The athlete's groin tendonitis was described by Spinelli in 1932 as the tendonitis of the fencer.
The groin tendonitis is a painful syndrome located in the pubical area. It can sometimes include several pathologies :
1 - disease of insertion of the rectus
Tendinitis of the rectus femoris and sartorius tendinitis are the most common tendonitis in the practice of dance as they represent 50% of hip tendonitis among dancers.
The pain is high and anterior, the pressure of the anterior iliac spine is painful as well as the passive stretching by extension of the thigh on the pelvis.
Forced isometric contraction is also painful :
For the rectus femoris : the upset flexion of the thigh on the pelvis, knee straight.
For the sartorius : External flexion-abduction- rotation of the thigh on the pelvis, knee flexed.
2 - micro-traumatic pubic osteoarthropathy
3 - Inguinal canal pathology
4 – Adductors’ insertion tendonitis
The groin pain is one of tendinitis, similar to tendinitis in the Achilles tendon.
Pubic pain spreads, imprecisely, gives an impression of fragility, and gives vivid radiations, more or less painful depending on the time of day.
The pubis is a muscular crossroad between the trunk and the thighs.
The pubis includes a joint, eighteen muscles and as many insertions, as well as six nerves. It is also a biomechanical crossroad where considerable constraints exercise, and through which forces go in the three directions of space.
The true groin tendonitis is a combination of an inguinal problem, a disease of the adductors and a pubic a osteoarthropathy caused by sports especially soccer. The soccer player uses his adductors in the race, the pass and the inner-side shoot.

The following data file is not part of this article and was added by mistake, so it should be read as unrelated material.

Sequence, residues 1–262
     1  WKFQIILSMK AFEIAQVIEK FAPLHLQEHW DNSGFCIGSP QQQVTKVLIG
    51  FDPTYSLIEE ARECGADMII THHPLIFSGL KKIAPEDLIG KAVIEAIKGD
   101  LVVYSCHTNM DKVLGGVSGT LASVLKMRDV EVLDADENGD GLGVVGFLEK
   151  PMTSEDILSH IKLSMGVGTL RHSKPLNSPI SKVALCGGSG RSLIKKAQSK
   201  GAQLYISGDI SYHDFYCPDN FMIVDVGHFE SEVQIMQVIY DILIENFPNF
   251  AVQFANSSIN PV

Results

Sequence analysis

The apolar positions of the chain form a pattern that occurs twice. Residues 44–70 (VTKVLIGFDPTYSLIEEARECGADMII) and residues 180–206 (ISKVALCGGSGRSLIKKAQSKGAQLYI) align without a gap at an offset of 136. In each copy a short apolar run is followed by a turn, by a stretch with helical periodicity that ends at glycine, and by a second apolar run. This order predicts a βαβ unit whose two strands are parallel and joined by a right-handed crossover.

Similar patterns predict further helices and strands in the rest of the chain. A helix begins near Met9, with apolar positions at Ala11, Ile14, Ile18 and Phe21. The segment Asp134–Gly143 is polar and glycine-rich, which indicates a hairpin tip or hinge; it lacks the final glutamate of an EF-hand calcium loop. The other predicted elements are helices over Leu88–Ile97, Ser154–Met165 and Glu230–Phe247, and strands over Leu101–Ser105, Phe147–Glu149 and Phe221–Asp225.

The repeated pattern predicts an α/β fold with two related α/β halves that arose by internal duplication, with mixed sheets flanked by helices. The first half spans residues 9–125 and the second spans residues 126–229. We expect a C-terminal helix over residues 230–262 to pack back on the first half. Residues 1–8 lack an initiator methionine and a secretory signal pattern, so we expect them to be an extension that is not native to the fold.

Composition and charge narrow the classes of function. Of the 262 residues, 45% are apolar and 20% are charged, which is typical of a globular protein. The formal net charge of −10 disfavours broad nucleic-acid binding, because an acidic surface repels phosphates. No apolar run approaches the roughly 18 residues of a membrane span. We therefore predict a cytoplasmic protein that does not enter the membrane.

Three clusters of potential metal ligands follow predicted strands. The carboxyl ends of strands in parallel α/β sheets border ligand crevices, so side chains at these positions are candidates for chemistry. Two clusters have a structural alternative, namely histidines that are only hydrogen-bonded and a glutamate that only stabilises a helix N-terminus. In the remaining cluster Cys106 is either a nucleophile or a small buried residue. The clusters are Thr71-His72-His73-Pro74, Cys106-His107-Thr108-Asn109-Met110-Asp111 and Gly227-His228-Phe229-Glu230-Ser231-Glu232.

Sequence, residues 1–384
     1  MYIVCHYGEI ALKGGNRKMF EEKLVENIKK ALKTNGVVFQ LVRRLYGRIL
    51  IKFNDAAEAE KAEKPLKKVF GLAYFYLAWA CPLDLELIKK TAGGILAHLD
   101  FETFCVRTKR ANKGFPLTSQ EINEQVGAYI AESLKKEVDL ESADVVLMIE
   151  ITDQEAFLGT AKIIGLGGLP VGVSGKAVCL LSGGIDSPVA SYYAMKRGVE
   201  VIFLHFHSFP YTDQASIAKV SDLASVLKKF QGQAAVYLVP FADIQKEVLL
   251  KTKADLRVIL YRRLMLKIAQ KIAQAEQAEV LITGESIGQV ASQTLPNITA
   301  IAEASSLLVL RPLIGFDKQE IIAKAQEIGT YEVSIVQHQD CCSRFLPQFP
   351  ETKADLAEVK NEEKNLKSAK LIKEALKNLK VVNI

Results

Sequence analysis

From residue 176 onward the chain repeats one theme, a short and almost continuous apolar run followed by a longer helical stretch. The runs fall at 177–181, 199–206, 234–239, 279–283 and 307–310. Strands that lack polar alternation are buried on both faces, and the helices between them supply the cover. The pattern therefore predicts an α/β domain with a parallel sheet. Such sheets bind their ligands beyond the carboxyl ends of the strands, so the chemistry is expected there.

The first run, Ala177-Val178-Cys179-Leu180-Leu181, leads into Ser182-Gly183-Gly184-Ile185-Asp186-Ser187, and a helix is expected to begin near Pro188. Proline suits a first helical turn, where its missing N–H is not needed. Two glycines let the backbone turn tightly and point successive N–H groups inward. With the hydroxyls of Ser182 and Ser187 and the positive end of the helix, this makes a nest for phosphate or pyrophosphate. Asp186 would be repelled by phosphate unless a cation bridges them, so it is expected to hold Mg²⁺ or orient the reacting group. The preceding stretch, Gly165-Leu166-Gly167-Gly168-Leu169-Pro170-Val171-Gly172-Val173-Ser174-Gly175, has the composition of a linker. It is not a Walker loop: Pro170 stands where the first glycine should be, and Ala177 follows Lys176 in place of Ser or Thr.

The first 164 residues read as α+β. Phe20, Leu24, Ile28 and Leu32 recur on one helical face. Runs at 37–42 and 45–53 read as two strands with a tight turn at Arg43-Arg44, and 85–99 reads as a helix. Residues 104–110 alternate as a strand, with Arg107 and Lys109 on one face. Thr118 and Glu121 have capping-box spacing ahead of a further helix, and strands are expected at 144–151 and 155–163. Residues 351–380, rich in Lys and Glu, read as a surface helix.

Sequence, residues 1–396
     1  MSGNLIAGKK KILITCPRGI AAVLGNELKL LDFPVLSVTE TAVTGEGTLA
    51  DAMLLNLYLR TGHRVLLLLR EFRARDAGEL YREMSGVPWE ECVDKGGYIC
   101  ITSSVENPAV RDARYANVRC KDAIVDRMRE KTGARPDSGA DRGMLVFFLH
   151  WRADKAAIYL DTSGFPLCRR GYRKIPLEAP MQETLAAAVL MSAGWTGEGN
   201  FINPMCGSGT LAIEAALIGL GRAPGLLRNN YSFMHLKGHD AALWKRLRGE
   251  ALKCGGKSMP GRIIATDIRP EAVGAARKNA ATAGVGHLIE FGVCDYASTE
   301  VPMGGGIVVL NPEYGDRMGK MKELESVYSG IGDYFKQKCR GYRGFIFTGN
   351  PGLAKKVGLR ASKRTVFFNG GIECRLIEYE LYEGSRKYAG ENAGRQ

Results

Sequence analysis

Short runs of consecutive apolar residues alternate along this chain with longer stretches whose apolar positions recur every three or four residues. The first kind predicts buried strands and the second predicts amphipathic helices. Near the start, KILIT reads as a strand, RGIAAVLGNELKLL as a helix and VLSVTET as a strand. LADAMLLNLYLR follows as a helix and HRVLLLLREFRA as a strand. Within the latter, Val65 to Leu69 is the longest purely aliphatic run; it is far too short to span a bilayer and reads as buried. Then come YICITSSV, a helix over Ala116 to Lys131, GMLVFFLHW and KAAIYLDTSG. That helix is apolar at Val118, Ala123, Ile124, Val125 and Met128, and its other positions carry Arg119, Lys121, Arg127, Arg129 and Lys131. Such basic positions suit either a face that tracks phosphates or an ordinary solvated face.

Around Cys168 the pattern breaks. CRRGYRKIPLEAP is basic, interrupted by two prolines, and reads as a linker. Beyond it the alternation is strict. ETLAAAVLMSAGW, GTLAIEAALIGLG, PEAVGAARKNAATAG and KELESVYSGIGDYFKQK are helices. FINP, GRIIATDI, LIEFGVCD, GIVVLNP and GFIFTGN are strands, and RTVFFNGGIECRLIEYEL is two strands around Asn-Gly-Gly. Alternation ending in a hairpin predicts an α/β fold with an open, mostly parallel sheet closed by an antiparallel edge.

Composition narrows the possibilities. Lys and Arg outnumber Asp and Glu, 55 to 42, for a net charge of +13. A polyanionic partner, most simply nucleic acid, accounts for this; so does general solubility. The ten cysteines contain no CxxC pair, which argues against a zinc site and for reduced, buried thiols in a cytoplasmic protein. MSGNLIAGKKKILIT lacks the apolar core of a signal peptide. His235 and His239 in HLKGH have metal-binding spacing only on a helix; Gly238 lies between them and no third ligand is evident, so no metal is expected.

Other sports with less risk are fencing, football, rugby, horse riding and martial arts.
The groin tendonitis is due to overwork in sports. A muscular imbalance occurs between the adductors and the muscles of the abdominal anterolateral wall, which creates a kind of friction, a set of micro-trauma leading to pain.
The diagnosis is relatively simple. The patient consults for a progressively increasing pain (rarely sudden), located in lower abdomen, pubis, or adductors and occurring after a sports practice.
Irradiation of these pains are either towards the abdominal muscles, the perineum or the testicles.
The pain may be increased by coughing, uplifting effort or sudden trunk flexion.
The groin tendonitis causes unbearable pain and is very handicapping, both for sports and personal and professional life.
In most cases, the pain is unilateral and radiates to one side. I look for the origins of the pain, in order to clarify my diagnosis.
I search for a pain on palpation of the pubical symphysis at the insertion of the adductor muscles and the inguinal orifice.
I test the different muscles involved: hamstrings, adductors, hip rotators, large right psoas, etc ...
The complaint expressed by my patient will guide the diagnosis.
I also search for a spinal conflict.
A radiograph is an image confirming the groin with a typical image found in the context of adductor tendinitis, an irregularity with fuzzy microgéodes the bottom edge of the pubis.
The groin is a disease in high risk of recurrence. While the athlete thinks completely healed, the pain reappears, weeks or months later.
Anamnesis - questionnaire
I search for favorising factors. For example changes in the practice of sports (the field, the shoes, the warm-up…)
I also search for what triggers the pain of adductor tendonitis : rest, running, coughing, etc.
Groin tendonitis treatment,
December 8th, 2013